Further reasons have been highlighted for the under-performance:

Not enough race practice beforehand - This does make sense, although tell that to the Loughborough swimmers who raced the Mare Nostrum tour shortly before the Olympics.
Head coach Dennis Pursley not being British - Having a coach that understands the British swimming environment is solid reasoning. Nobody can doubt Dennis Pursley's credentials, but he wasn't able to transfer his success in the US to Britain. The collegiate system and US Grand Prix circuit offer something entirely different to what we have in the UK. If Pursley truly believed that the US model is the most robust in world swimming, he should have tried to move the GB system closer to it by improving the competitive aspect of university swimming and increasing the number of domestic meets attracting top talent from Europe and further afield.
Michael Scott, the performance director, spending too much of his time in his native Australia - The role of performance director is crucial to the nation's successes in the pool. At the very least it is full-time job, it doesn't seem like to ask for the incumbent to be based full-time in Britain. Ultimately Scott's reputation lives and dies by the his results at the Olympics, that is the reality of our sport. In London he did not deliver enough to keep his job.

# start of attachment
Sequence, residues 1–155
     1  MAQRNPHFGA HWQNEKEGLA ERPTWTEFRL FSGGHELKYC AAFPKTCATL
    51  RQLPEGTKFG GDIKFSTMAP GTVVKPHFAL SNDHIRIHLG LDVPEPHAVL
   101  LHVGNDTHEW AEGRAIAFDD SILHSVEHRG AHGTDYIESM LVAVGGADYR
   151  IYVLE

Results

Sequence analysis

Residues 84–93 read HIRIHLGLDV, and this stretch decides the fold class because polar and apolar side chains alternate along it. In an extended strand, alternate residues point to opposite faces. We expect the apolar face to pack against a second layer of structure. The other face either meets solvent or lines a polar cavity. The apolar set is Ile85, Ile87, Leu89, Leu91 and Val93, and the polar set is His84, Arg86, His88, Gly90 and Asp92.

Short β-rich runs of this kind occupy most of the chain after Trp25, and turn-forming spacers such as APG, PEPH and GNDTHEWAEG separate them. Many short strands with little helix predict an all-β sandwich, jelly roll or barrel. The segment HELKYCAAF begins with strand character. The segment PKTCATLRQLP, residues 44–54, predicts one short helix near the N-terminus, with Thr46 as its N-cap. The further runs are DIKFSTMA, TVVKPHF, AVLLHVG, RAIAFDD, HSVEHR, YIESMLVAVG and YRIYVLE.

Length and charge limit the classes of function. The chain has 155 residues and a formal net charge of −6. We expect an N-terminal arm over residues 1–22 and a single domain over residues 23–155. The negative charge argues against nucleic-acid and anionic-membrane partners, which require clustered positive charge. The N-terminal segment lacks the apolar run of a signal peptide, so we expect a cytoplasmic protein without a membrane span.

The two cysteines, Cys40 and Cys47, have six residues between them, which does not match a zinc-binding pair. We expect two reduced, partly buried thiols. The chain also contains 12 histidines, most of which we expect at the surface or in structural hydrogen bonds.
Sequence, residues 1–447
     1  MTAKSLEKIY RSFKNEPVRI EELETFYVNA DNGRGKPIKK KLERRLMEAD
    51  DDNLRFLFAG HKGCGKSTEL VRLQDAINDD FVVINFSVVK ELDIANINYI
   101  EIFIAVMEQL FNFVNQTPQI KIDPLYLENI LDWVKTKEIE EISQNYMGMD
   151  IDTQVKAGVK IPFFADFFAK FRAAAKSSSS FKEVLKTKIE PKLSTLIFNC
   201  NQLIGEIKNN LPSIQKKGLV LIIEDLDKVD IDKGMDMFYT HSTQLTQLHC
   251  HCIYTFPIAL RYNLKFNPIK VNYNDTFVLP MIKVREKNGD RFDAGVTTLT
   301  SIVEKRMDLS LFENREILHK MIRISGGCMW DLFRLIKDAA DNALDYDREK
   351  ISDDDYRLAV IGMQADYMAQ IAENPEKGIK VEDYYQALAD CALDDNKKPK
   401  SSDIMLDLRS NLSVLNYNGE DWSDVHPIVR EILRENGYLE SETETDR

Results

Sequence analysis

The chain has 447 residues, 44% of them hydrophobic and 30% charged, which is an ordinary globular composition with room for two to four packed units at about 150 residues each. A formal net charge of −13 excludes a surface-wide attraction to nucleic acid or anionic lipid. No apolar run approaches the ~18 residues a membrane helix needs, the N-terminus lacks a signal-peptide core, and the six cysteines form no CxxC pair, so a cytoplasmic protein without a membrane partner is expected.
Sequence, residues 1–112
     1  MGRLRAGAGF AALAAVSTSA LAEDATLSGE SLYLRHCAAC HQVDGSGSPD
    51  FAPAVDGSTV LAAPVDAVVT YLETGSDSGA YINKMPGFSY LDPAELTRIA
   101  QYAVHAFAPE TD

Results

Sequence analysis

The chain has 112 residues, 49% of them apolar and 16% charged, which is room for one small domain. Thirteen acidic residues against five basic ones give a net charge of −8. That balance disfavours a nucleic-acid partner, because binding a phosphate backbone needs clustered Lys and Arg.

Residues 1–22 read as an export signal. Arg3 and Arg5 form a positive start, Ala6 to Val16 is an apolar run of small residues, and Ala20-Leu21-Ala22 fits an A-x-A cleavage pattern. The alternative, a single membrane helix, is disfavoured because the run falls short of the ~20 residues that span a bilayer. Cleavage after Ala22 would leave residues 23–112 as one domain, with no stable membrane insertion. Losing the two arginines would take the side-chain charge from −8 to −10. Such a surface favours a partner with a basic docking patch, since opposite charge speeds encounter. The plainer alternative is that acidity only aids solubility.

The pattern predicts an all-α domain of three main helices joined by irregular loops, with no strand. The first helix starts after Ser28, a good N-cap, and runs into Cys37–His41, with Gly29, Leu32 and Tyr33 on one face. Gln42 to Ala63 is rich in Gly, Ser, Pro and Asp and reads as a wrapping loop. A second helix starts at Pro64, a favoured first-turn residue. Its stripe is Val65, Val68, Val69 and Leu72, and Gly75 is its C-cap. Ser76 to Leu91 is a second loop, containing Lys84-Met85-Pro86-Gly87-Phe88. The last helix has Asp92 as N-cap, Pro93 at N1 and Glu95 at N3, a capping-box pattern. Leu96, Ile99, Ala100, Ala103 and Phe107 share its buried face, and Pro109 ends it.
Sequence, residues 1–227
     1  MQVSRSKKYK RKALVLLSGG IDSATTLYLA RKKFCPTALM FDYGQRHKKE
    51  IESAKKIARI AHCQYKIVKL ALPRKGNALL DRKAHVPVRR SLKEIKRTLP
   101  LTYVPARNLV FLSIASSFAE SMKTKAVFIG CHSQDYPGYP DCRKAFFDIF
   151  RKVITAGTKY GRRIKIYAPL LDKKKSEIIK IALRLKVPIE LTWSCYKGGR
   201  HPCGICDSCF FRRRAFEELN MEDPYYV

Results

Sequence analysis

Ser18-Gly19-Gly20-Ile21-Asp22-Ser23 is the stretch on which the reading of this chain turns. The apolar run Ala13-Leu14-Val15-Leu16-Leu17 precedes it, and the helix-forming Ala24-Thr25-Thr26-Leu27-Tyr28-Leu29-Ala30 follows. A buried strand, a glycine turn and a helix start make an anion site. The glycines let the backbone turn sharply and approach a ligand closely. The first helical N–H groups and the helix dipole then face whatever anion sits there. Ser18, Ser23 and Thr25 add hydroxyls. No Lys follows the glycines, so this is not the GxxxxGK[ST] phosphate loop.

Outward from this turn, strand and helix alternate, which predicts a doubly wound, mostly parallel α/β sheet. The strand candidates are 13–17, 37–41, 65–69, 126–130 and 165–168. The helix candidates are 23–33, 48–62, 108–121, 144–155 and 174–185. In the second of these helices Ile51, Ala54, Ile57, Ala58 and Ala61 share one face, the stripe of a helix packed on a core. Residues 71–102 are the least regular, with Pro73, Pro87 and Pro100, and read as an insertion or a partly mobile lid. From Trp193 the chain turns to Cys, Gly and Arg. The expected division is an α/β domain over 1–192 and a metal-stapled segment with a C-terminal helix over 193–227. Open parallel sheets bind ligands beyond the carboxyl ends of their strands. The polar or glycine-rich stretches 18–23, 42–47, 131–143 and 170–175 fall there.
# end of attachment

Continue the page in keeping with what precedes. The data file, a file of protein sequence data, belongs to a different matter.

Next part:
The Men

The men's team haven't been GB's strength for some time now but London unearthed a new star in Michael Jamieson. The 24 year old Scot should be a medal contender in major championships for years to come, although he does face strong competition from Daniel Gyurta and new world record holder Akihiro Yamaguchi (who wasn't in London).